How Are Experiential Marketing Agencies Grappling With Coronavirus?

Agencies consider timely pivots and how they might change their strategy in the future

Lighting person setting up an event
Livestreamed events could become a new normal for experiential until the COVID-19 pandemic subsides. Agency EA
Headshot of Ian Zelaya

Key insights:

There is plenty of uncertainty during the coronavirus pandemic, but one thing is very certain: Live experiences that require physical interaction won’t be an option for brands and marketers in the foreseeable future.

The outbreak of COVID-19, the disease caused by the pathogen coronavirus, has killed more than 6,500 people globally. To help reduce the spread, global health organizations and local, national and world leaders are urging people to stay home and practice social distancing, which means limiting in-person interactions. On Monday, the White House advised people in the U.S. to avoid gatherings of more than 10 people.

The unprecedented crisis has also led cities and event organizers to cancel or postpone gatherings that include massive industry conferences, tech summits, music and film festivals and daylong brand pop-ups.

As coronavirus has upended the experiential world and the ad industry as a whole, agencies are now trying to find effective and, more importantly, safe solutions for clients that had planned physical activations in 2020. Should agencies scramble to create and push out digital or virtual experience to connect with an audience? Or should they wait until it’s safe enough to hold a physical event again? And does a mass audience even care about engaging with a brand during a time of unprecedented crisis?

While there isn’t one correct answer for how experiential marketers should handle their future client projects, pros from U.S.-based experiential agencies shared how coronavirus has impacted their business so far, ways they might pivot their planned physical events, how to view the situation in a positive light and how it could change the way the experiential marketing handles pre-event precautions and contingency plans in the future.

“Pivot” is the experiential buzzword of the moment—but what does it mean, exactly?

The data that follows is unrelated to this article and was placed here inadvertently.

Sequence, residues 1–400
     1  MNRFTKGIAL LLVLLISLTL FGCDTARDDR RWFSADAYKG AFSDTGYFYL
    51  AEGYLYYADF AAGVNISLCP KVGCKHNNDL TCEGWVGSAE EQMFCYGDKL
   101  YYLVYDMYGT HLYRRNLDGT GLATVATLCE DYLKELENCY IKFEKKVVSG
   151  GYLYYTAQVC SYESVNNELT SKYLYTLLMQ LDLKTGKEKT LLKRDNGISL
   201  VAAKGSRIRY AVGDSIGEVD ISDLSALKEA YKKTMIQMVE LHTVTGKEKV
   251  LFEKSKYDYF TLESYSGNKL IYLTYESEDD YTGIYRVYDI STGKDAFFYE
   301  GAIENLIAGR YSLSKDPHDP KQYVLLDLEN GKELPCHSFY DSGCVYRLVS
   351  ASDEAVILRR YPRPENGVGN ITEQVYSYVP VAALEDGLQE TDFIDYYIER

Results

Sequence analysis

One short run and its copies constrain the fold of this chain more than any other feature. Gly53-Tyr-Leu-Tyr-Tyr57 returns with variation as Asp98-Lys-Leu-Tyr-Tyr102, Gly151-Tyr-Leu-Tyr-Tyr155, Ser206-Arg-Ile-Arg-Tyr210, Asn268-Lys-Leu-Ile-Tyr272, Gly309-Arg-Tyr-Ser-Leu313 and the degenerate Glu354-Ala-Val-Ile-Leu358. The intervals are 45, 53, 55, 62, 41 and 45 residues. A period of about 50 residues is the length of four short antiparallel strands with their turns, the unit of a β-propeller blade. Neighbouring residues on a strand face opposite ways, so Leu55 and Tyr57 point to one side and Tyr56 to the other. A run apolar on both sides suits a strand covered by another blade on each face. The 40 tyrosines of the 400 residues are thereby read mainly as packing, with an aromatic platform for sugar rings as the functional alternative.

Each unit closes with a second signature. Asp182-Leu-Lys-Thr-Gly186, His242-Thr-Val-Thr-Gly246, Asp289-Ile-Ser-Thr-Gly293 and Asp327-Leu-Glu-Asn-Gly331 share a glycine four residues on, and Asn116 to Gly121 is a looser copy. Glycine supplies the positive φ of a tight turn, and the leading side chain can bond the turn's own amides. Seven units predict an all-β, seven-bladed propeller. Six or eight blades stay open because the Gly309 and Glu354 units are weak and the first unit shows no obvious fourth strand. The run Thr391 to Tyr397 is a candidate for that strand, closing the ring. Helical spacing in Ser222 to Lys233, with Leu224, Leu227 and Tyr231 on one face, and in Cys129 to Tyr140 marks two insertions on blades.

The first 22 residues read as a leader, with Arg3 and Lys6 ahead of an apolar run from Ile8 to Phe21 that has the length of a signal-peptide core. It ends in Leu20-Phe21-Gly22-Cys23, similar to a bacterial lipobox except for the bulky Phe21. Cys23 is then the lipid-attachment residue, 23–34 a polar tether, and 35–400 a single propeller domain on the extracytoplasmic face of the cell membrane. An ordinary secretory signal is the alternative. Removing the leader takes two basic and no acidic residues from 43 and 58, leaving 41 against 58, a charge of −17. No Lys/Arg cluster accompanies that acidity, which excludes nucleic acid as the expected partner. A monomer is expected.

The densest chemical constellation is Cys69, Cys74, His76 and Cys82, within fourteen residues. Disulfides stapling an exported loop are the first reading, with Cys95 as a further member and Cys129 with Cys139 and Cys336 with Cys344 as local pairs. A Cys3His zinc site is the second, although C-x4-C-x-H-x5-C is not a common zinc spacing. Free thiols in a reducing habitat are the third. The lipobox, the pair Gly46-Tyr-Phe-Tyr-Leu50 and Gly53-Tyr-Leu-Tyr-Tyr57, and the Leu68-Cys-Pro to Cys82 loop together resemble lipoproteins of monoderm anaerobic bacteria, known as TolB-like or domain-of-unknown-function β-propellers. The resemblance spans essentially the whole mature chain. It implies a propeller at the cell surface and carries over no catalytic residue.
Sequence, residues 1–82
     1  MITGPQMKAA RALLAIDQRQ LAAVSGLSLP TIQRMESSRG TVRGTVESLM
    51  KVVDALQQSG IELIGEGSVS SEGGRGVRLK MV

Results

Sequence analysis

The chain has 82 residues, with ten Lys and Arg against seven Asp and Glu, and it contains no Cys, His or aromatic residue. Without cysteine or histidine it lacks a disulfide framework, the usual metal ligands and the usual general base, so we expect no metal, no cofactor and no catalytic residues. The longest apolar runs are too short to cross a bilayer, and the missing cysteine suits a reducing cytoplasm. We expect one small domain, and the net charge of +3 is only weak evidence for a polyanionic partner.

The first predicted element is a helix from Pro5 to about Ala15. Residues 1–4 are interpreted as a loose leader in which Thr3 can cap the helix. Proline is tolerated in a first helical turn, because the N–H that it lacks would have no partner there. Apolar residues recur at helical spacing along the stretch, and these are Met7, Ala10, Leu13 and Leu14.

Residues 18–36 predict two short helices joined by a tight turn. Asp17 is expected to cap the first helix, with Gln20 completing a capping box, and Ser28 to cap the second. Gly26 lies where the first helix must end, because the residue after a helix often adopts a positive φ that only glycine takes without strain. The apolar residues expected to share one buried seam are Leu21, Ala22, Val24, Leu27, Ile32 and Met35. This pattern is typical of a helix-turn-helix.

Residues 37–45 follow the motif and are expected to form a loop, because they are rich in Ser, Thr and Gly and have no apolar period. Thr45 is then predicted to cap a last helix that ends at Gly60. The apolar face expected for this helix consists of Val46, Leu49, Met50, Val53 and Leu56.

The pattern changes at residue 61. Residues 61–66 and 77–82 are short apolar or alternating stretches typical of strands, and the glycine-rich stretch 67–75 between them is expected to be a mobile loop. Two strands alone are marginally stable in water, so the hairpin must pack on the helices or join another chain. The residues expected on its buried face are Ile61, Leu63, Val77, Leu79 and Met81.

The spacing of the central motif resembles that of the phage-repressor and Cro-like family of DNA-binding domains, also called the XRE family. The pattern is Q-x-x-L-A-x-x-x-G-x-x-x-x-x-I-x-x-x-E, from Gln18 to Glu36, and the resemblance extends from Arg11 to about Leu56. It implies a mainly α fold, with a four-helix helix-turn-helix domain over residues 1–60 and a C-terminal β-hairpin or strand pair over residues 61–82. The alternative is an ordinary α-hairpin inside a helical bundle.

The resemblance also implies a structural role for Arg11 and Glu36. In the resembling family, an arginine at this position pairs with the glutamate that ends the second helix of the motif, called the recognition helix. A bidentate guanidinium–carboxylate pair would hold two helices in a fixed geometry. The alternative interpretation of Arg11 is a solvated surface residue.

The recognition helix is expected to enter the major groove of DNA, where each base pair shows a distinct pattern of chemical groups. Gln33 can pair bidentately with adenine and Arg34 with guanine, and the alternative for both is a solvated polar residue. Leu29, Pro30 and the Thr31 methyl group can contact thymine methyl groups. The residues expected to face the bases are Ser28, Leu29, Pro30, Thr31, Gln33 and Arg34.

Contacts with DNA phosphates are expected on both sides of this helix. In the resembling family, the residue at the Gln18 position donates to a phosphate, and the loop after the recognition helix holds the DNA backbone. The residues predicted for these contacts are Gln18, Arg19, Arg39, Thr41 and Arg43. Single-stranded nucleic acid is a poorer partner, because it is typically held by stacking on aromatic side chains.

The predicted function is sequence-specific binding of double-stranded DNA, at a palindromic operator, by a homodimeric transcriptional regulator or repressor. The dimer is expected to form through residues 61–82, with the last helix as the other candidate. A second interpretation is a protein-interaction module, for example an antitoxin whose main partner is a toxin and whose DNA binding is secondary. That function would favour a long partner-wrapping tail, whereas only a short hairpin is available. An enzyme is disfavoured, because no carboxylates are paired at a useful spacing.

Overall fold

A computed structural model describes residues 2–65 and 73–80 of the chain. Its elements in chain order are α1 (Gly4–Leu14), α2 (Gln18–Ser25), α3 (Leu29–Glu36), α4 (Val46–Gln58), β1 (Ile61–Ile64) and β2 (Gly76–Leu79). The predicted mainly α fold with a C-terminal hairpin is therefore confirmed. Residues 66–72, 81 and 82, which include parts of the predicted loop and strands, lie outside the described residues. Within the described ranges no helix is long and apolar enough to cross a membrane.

With physical experiences temporarily not an option, agencies are looking for ways to pivot to alternatives. The most obvious option is going virtual or digital, but most agencies and brands have been tight-lipped on the details of specific alternative projects they have in the works with clients.

Los Angeles-based creative production partner Tool of North America creates activations and content for brands like Netflix, Amazon Studios and Twitch. Tool president Dustin Callif said the agency’s expertise in content creation will come in handy for the next few months, as clients want to offer ways to engage with audiences virtually.

“The biggest challenge is that the beauty of an event is bringing together a certain amount of people, of a certain mindset, in one place,” Callif said. “Now that events aren’t happening, the challenge is targeting that audience in a similar way, virtually or digitally. How can we accomplish that for clients that unfortunately were part of events that were cancelled?”

Livestreaming is an option, but Callif said agencies and clients will have to think beyond that if they want to achieve an emotional connection with consumers on par with an IRL event. While he couldn’t share specific digital solutions his team is considering for clients right now, he noted the agency might translate learnings from their previous livestreamed experiences that took learnings from esports, such as one the agency created with Amazon Prime Video.

To promote the second season of reality road trip series The Grand Tour in 2018, Tool worked with Amazon to create a global gaming event broadcast on livestreaming gaming platform Twitch. Amazon Prime Video tapped Twitch influencers to participate in a life-sized game of Battleship, where each game board square was rigged with different levels of explosives to destroy cars. For the two hourlong livestreams, Twitch users could participate in the game through custom extensions, and could choose a team to support by selecting squares on the grid to destroy. More than 170,000 Twitch users actively participated in the broadcast, which drew 3.3 million views. Ian Zelaya is an Adweek reporter covering how brands engage with consumers in the modern world, ranging from experiential marketing and social media to email marketing and customer experience.